Herbalist Stephen Harrod Buhner points to some everyday foods that can serve as powerful immune boosters, including tea made from the fresh juice of ginger root.

fresh ginger juice

When it comes to combating the flu virus, fresh ginger provides potent immune system support; dried ginger does not. Photo © Syda Productions/stock.adobe.com.

The immune system is an “organ” just as our lungs and livers are and there are things you can do to keep the immune system healthy. Certain foods do help immune health. Some of the best foods that support immune health are:

  • Yogurt. Regular intake does result in fewer sick days. The body’s white blood cell count increases substantially and the GI tract bacterial community remains very healthy, which also helps. Kefir can also be used.
  • Oats and barley. Farm animals given a mix of the two have many fewer infections, including those from influenza. (And yes, in spite of rumors to the contrary, we actually are animals, too.)
  • Garlic. Although not as strong an antibiotic as I had formerly thought, regular garlic intake does boost immune function — in one study, those taking garlic were much less likely to catch colds and flu.
  • Selenium-rich foods have been found to help clear influenza infections from the body. Selenium is found highest (in descending order) in Brazil nuts, fish (tuna, cod, halibut, sardines, flounder, salmon), poultry (chicken and turkey), sunflower seeds, shellfish (oysters, mussels, shrimp, clams, scallops), meat (liver, beef, lamb, pork), eggs, mushrooms, whole grains, wheat germ, onions, garlic, asparagus, broccoli, tomatoes.
  • Chicken soup. Yes, it does work.
  • Black tea. It significantly increases the immune system’s interferon levels. Green tea will also be of benefit.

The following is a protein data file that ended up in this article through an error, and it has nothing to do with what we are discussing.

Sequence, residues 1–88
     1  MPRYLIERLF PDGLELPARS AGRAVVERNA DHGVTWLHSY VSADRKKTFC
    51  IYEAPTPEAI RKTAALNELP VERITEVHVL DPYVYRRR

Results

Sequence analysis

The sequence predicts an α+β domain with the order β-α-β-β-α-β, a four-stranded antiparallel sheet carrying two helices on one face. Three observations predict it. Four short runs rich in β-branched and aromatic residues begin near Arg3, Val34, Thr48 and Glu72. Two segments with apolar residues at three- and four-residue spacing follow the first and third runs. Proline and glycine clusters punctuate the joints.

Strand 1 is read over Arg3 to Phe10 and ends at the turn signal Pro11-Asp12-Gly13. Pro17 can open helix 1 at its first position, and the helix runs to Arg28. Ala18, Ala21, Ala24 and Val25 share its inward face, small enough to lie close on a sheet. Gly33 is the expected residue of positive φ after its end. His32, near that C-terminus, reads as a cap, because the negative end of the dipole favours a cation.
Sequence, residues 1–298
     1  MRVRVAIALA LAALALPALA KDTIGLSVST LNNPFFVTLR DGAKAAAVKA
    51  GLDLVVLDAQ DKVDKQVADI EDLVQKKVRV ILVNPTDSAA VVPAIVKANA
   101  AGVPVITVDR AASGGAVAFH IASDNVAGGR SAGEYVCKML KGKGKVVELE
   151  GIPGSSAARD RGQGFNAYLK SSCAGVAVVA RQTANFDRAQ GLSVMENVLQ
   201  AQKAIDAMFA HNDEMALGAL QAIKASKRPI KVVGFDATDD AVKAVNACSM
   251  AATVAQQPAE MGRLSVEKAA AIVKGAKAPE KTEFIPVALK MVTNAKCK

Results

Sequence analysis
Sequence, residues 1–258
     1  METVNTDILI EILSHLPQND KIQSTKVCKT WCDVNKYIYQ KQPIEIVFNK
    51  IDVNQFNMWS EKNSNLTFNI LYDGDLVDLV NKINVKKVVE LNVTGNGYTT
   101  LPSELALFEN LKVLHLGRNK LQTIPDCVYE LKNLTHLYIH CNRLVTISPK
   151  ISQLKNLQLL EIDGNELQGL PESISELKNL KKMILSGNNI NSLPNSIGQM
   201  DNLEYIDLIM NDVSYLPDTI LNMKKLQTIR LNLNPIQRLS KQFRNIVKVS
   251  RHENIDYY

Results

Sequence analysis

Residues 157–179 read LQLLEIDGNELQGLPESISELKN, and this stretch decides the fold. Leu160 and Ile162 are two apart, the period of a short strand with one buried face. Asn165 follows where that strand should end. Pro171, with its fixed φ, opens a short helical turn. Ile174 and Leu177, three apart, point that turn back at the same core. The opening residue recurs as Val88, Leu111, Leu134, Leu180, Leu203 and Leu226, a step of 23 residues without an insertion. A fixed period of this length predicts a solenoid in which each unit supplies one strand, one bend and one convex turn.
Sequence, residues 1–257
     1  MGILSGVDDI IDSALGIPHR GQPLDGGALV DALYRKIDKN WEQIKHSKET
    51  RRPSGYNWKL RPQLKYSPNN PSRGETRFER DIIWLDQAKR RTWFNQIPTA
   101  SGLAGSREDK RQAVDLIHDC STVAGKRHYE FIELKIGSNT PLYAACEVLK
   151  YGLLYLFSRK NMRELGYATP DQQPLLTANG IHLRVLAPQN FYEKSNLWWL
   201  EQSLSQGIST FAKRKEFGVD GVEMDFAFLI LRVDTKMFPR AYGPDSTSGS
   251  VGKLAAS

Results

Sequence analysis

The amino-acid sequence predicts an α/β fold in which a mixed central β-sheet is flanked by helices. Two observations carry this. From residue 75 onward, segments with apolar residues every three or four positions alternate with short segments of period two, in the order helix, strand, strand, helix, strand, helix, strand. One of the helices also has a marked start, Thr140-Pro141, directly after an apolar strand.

• Zinc-containing foods. Zinc is an essential mineral, especially in immune function. It enhances the actions of many of the immune system’s actors, including T cells. Zinc is highest in oysters, wheat germ, liver, seeds (highest in sesame, tahini, pumpkin, squash, and watermelon seeds), roast beef, dark chocolate and cocoa, lamb, peanuts, garlic, chickpeas.
  • Mushrooms. But not the usual store-bought variety. Shiitake and maitake can both be used in cooking, and they are both very good for raising immune function, primarily due to their high levels of polysaccharides. Their polysaccharides raise immune function considerably when taken as a regular part of the diet.
  • And of course: ginger in the diet, broccoli and other members of that family (all have some of the same properties as isatis), red bell peppers (which are gram for gram, higher in vitamin C than anything else on the planet), and oregano.

Ginger is useful for the flu only if the juice of the fresh root is used. Dried ginger is useless.

Fresh Ginger Juice Tea

Ingredients

  • 1–2 lbs. fresh ginger root 
  • ¼ lime
  • 1 tablespoon honey
  • ⅛ teaspoon cayenne
  • 6 oz.  hot water

Directions

  1. At the first signs of an infection that is not going to stop, juice one to two pounds of ginger. (Squeeze the remaining pulp to get all the juice out of it, and keep any leftover juice refrigerated.) Pour 3 to 4 ounces of the juice into a mug, add one-quarter of a lime (squozen), honey, cayenne, and hot water. Stir well. Drink 2 to 6 cups daily. 

Text and recipe excerpted from Herbal Antivirals © 2013 by Stephen Harrod Buhner. All rights reserved.

Stephen Harrod Buhner

Stephen Harrod Buhner is the author of Herbal Antivirals, Herbal Antibiotics (now in its second edition), and 17 other works including Herbs for Hepatitis C and the… See Bio

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Herbal Antivirals

by Stephen Harrod Buhner

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